04 March, 2013
The recent case of Durham v Dunn has been lauded, particularly by the claimant's representatives, as a new dawn in disclosure practice. However does it provide the safeguards for Local Authorities and public bodies that those reporting its findings purport?
The case relates to the disclosure of social service records requested in relation to a claim of sexual abuse. As will come as no surprise to local authorities, these documents were provided in a redacted form in order to protect the identity of the other children, now adults, referred to but not party to the proceedings. The claimant applied to the Court for disclosure of un-redacted copies in order that they may contact those other people mentioned in the hope that supportive evidence could be obtained for the claimant and no doubt to explore whether additional claims may be brought. The Court at first instance refused to order un-redacted disclosure on the basis that this would be a breach of the Data Protection Act. The claimant then appealed to the High Court which ordered disclosure of the documentation using the DPA and the test of necessity. Unsurprisingly the Defendant appealed in order to protect its position and to gain some clarity of argument from the Court of Appeal.
The Court of Appeal handed down its judgment in January 2013 and significant discussion has since been prompted as to whether the case provides a virtual carte blanche for total unfettered disclosure and significant costs savings, as time need not now be wasted redacting documents in order to protect non-parties or prevent fines from the Information Commissioner. But is that really the case? Well let us look at what was actually said.
Somewhat surprisingly for all of us who work with or work in the Public Sector, the Courts lead judgment by Lord Justice Kay starts by dismissing the concerns raised by the defendant with regards to their responsibilities under the DPA, an issue which reasonably concerns Public Bodies due to the extent of fines recently handed down and heavily publicised. The courts, according to the judgment, should only be considering the Civil Procedure Rules in deciding what should be disclosed. The test therefore that should be applied is to firstly consider whether the name is relevant to the issues. Once it is decided that the name is relevant then it can only be withheld if it is "necessary" to prevent that individual from being adversely affected by that disclosure and, then, only if that outweighs the interests of justice of the claimant
The Court of Appeal decided that in this particular case the other children could be witnesses and that their names should be disclosed. However, the identities of the other children should be given some protection by only allowing disclosure to the parties and their legal representatives for the purpose of the proceedings. Although the effect on the non-parties was considered, it was stated by the High Court Judge and not dismissed by the Court of Appeal, that provided the information was used solely for the purpose of this litigation and witnesses were dealt with sensitively, no prejudice should occur beyond the potential initiation of a letter requesting co-operation. Those working the sphere of child protection and historic abuse may take a very different view.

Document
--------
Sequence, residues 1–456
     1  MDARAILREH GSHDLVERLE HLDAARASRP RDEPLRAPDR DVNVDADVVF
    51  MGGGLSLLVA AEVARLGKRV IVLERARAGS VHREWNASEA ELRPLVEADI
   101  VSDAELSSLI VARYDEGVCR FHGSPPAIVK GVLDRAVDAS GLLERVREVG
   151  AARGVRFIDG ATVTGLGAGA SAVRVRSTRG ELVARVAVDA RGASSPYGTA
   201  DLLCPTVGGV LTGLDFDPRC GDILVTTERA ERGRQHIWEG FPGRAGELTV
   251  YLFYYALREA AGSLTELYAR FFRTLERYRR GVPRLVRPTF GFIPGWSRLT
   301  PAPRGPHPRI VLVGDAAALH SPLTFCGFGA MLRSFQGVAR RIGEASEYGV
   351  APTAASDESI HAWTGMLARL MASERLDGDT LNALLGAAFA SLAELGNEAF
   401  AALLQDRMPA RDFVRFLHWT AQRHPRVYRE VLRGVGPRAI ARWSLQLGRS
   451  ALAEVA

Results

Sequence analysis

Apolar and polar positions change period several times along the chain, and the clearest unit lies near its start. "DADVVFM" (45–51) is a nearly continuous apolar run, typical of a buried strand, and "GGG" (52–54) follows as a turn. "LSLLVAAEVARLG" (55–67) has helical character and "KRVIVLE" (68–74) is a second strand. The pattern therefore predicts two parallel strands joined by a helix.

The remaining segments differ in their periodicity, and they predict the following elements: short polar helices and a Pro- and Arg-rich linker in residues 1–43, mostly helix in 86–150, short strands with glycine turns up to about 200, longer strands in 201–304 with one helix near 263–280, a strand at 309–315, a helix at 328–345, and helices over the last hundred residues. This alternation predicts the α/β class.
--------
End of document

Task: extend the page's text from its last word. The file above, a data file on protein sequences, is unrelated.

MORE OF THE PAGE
The dismissal of the DPA relies on the exemption in Section 35 which states that personal data is exempt from non-disclosure when it is for the purpose of legal proceedings, for the purpose of obtaining legal advice or otherwise necessary for the purpose of establishing, exercising or defending legal rights. This, according to the judgment suggests that un-redacted disclosure is allowed in any intimated litigation as long as the "necessary" test is satisfied. But what will be deemed to be "necessary" and why? The judgment suggests that consideration should be on a case by case basis.
Lord Justice Kay gave examples of what should be considered. A train of inquiry, as in this case, could be of relevance, balancing the fair trial for the claimant against those other parties whose rights may require protection, consideration of whether the denial was strictly necessary and whether a balance could be struck by using redaction, confidentiality rings, anonymity or other such order.
This guidance seems to cover a myriad of sins and with the inclusion of redaction and confidentiality in the judgment, does not seem to provide the carte blanche suggested. The ruling also does not get away from the fact that a non-party, who may have suffered significant abuse and may be harmed simply by being contacted in relation to the matter, may complain to the Public Body and the Information Commissioner irrespective of any perceived breach. Without a Court order confirming the extent of the disclosure to be provided, it would seem that Public Bodies remain no better protected from complaints as a result of this judgment.
So what does the future hold? It does seem that the vast majority of significant fines handed down by the Information Commissioner relate to loss of or inadvertent sending of information rather than considered disclosure and Public Bodies can take some solace from that. Public Bodies however, may still wish to require a claimant to issue a pre-action disclosure application or obtain an order regarding disclosure at a directions hearing in order to obtain a court order for the purposes of protection against complaints whether they ultimately lead to fines or not. Negative publicity regarding sensitive issues can be as harmful to the reputation, and subsequently the ability to protect, of those dealing with the vulnerable and needy as any fine.